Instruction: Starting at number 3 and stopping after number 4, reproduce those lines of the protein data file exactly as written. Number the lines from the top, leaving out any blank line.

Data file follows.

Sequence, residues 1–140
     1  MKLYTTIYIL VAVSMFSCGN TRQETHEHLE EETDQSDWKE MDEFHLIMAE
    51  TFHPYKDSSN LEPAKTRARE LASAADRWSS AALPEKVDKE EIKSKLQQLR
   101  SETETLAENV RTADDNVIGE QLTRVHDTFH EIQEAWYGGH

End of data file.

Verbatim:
    51  TFHPYKDSSN LEPAKTRARE LASAADRWSS AALPEKVDKE EIKSKLQQLR
   101  SETETLAENV RTADDNVIGE QLTRVHDTFH EIQEAWYGGH